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Can Japan’s KLab prove it is capable of competing with DeNA and Gree?

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Tetsuya Sanada (projected) is asked a question during a GMIC Tokyo panel

When the market for a particular product reaches maturity, the mid-range suppliers feel the tightest pinch. In terms of mobile gaming in Japan, heavyweights like DeNA (TYO:2432) and Gree (TYO:3632) saw their net incomes drop by US$139.2 million and US$254.6 million, respectively, from 2012 to 2013. The losses are significant but the companies still finished with net incomes of US$316.6 million (DeNA) and US$225.1 million (Gree).

A firm like KLab, Inc. (TYO:3656) has much less room for error. The 2013 social gaming slump turned its 2012 profit of US$16.2 million into a loss of US$19.2 million. To learn how KLab plans to reverse its fortunes, Tech in Asia caught up with KLab CEO Tetsuya Sanada on the sidelines of GMIC Tokyo to hear his thoughts on building the company, the state of the gaming industry, and the firm’s future strategies.

It’s not about the odds

Sanada became an entrepreneur 30 years ago when he created his first company – a training center for getting a drivers license – while he was still a college student. Many Japanese CEOs will say that they had not seriously entertained the notion of being an entrepreneur until much later in life. Sanada, however, never had much of a taste for playing it safe as a salaryman. He attributes this to being descended from Yukimura Sanada, a 17th century warlord. The elder Sanada, also known as the “Crimson Demon of War,” once defended his territory with 2,000 soldiers against an opposing horde of 40,000. The younger Sanada always felt that he owed it to his namesake to show the same courage in his approaching his career. “[What he did was] venture! […] I thought that I could do something similar if I founded even a small company,” he told Tech in Asia.

After starting out as an entrepreneur, Sanada reached a turning point in 1997, when he was 33 years old. Sensing the coming internet explosion and feeling that his own technical skills were not adequate, he sacrificed his independence in exchange for a practical technical education at Access, a software company specializing in connected devices.

The gamble worked and a year later he founded the company that would become KLab. For the first few years, the company concentrated on security software but, in 2004 it turned its eye to social games. Well-known investor Taizo Son was an early advisor, an added perk of having Softbank Investment (now called SBI) as a major shareholder. Son’s knowledge of international markets and his connections there would prove essential in allowing KLab to push overseas. Though not a powerhouse, the company counts China (where Qihoo provides publishing assistance), South Korea, and the United States as its top international markets.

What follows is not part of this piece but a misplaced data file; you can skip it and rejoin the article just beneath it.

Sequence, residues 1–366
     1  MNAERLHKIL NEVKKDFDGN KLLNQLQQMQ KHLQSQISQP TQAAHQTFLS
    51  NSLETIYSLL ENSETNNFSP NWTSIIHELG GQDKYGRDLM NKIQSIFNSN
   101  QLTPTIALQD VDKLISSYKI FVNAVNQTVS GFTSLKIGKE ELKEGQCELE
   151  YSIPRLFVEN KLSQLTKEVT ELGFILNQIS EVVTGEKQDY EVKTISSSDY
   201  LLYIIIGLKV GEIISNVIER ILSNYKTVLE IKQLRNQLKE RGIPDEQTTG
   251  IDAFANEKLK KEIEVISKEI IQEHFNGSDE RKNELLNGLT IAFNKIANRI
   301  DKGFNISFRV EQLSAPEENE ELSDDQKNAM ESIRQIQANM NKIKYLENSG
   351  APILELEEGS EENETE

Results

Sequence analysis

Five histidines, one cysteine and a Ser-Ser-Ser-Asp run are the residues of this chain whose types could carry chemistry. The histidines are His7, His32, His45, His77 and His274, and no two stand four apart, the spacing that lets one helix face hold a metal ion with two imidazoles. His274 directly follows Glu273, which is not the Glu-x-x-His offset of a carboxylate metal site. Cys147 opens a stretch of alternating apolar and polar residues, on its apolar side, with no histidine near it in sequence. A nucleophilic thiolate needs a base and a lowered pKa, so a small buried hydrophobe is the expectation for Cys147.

See: Japan’s smartphone game market now worth $5.4 billion, half of total gaming industry

Searching for the comeback trail

KLab pinned a lot of its hopes for 2013 on three titles: Professional Baseball Grand Slam, Rise to the Throne, and Lord of Dragons. None of them caught on and the company was caught flat-footed. Sanada immediately set into motion a major initiative to prevent another strikeout.

He switched the company’s game development method from Waterfall to Agile. Under the former, once a game idea was selected, it would be fully developed no matter what. Now, the company makes a basic prototype, sees what the response is like and, if positive, will continue to tinker on it and test it to see if it can be made into a truly viable product. So far the approach has already paid dividends. 2014’s first quarter already shows a nearly US$14 million swing in net income, bringing the company back into the black with approximately US$510,000 in net profit.

Positive signs?

Sanada does not shy away from the fact that 2013 was a tough year for his company. He maintains that it is not the beginning of the end but acknowledges that the volatility of the gaming industry can be trying. Sanada hinted that the ecommerce or finance industries bear consideration. He also commented that the company would soon announce that it had won the license to develop a game based on an immensely popular American television program that is still running. A quick look at the longest-running television series, suggests that KLab may have snagged The Simpsons or Family Guy.

The future of KLab is decidedly cloudy. Sanada, however, has shown a knack (and a fearlessness) for recreating himself. The only question is if he can recreate his company if need be. Though Sanada draws strength from his ancestor, history offers a cautionary note. The elder Sanada threw off the first incursion of 40,000, but the opposing forces regrouped, overwhelmed his army, and he was forced into exile.

Correction: This article has been changed to reflect the latest financial figures available from KLabs for its first financial quarter of 2014. Editing by Paul Bischoff and Josh Horwitz

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